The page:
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A slight modification of El Gamal signature scheme would be to compute:

$r = g^k$ for some random k (as usual) but $s$ as:

$s = (hash(m) - x)k^{-1} \mod (p-1) $ (instead of $(hash(m)-xr)k^{-1} \mod p - 1$).

The verification procedure would be to check:

$g^{hash(m)} = g^x r^s \mod p$

I don't see what we are losing by doing so.

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Forging an arbitrary ElGamal signature means finding $(r,s)$ such that $g^h = y^r r^s \mod p$ for given values of $p$, $g$, $h$ and $y$. We don't know how to do that other than selecting $r$ and then having to solve a discrete logarithm for $s$.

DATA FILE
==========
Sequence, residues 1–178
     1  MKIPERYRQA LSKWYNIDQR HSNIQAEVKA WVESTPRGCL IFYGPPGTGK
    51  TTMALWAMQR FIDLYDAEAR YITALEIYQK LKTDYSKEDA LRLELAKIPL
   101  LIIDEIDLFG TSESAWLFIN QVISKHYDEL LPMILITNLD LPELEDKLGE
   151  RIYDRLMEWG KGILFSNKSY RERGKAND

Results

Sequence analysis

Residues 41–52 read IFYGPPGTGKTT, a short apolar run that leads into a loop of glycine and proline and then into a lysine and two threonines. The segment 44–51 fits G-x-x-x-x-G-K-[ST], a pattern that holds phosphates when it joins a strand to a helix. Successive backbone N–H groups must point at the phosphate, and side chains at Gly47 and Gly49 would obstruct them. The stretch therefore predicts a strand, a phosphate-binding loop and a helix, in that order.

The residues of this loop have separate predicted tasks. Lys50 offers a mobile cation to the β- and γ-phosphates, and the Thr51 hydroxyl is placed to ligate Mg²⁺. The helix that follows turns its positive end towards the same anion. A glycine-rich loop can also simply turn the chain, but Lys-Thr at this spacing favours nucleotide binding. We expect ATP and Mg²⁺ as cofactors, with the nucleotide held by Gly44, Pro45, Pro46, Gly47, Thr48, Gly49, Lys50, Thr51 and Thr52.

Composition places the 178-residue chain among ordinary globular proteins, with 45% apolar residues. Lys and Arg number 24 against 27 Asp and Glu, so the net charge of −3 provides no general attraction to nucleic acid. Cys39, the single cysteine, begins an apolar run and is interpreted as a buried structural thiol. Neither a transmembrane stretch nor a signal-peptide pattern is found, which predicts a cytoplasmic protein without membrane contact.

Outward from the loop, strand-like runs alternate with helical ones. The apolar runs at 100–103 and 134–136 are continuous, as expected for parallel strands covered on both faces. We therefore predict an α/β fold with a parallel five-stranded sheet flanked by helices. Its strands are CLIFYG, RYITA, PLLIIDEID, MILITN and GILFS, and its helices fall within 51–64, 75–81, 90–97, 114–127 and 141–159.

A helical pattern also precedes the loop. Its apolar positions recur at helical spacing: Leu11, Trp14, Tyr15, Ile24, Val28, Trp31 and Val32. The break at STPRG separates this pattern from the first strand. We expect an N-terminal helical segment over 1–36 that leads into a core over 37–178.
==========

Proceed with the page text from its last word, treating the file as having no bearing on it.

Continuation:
In your proposed variant, forging a signature means finding $(r,s)$ such that $g^h = y r^s$. This is just a matter of taking $s = 1$ and $r = g^h / y$. This can't be fixed by adding another constraint on $s$ since the problem would then be to find an $n$th root, which is solvable.

The gist of ElGamal variants is to involve a linear combination of $r$ and $g^r$ during verification. This is what makes a forgery likely to be as hard as solving a discrete logarithm.

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